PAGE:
TEs, which are often overlooked in gene expression analysis, have begun to gain recognition in several research groups. This could be attributed to the fact that there is increasing evidence associating them with development and other healthy states, along with pathologies such as cancer and neurodegenerative diseases. On par with the advancement of bulk RNA-Seq, several tools have been developed for the analysis of TE expression, with increased focus on accurately assessing the locus of activity. However, only one tool for single cell TE analysis from high-throughput scRNA-Seq data has been published, and it omits the location of TEs. As TEs can influence genes in their genomic vicinity, it is of importance to assess the expression without losing their positions. CELLO-Seq, a recent development, can measure TE expression at the locus-specific level with single-cell resolution. To achieve this, CELLO-Seq integrates long-read sequencing with a bespoke computational framework. This strategy revealed improvements in the mapping of both young and old TEs, yet for some “very young TEs” they were unable to map reads to specific genomic locations51. However, the methodology has only been shown to work with low number of cells (6 in mouse and 96 in human). On the other hand, SoloTE can be readily integrated and applied to data already generated from high-throughput scRNA-Seq technologies, which can profile between hundreds and thousands of cells52,53,54.

In this work, we presented SoloTE, an improvement over the previous tool for analysis of TEs in scRNA-Seq data. We found that our tool is faster and uses less computational resources than scTE. This is probably due to the fact that scTE requires the building and subsequent use of “TE indexes”, whereas SoloTE can start directly from the BAM file obtained with either CellRanger or STAR. In terms of usability, we found that scTE does not filter repetitive elements in such indexes, and thus, in the resulting matrix other types of non-TE repeats, such as Satellites, appear. Moreover, the identification of TEs to a non-TE expert could seem obscure, as no special keyword appear to differentiate TEs from genes in the expression matrix. Conversely, SoloTE adds the “SoloTE” keyword at the start of each TE id, making it more straightforward to identify and select TEs in any downstream analysis.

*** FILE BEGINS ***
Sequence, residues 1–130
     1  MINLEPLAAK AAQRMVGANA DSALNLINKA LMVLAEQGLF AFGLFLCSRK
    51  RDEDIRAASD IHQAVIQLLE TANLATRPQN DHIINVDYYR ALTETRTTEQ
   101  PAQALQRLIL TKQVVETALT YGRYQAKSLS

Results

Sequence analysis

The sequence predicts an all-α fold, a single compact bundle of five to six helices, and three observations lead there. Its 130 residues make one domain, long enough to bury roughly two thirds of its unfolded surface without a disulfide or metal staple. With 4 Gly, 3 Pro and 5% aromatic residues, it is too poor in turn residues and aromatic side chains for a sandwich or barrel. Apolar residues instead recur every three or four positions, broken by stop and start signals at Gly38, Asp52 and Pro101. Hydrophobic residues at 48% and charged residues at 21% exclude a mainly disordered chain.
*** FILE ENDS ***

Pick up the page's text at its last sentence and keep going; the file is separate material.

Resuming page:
In terms of locus-specific TE analysis, SoloTE reports the location of expression if the reads could be accurately assigned to it. If not possible, it adopts the approach of summarizing TE expression at the family level. Considering that in most organisms a high proportion of the TE repertoire has accumulated mutations, most of them are sufficiently distinct from other copies, ensuring the unique alignment of reads. Nonetheless, a limitation of our tool is that for organisms with a greater proportion of transpositionally-active TEs, this could not be the case, as most of the copies could be genetically intact. Other limitations that could also impact TE expression measurements may be associated with the scRNA-Seq technology used. For 3’ end 10X single-cell data, a commonly used single-cell platform55, such limitations are: (i) not all TEs can be uniquely mappable with the short 100 nucleotides reads generated (Supplementary Figure 4 and Supplementary Figure 5), and (ii) events in which the TE could be acting as an alternative transcription start site cannot be detected due to the 3’ bias. Further improvements to our pipeline are the integration of the Expectation–Maximization (EM) algorithm and analysis of TE-derived isoforms. The EM algorithm reallocates reads to a TE locus based on the uniquely mapped reads (“expected” reads, E-step) surrounding that particular genomic location, and then through multiple iterations, assigns multi-mapped reads (M-step). Although this procedure has been a key element of bulk RNA-Seq TE analysis tools, such as SQuIRE56 and Telescope57, future works will need to assess its performance using 3’ end 10X data. Additionally, TEs can be integrated into genic transcripts (“TE-derived isoforms”) modulating their expression3,58,59. A misconception about 3’ end 10X data is that it cannot detect splicing events, however, STAR (one of the recommended aligners for SoloTE) has been recently shown to detect them60. Thus, by taking advantage of these capabilities provided by STAR, the locus-specific analysis of TEs done by our tool could further be improved to reveal TE-derived isoforms.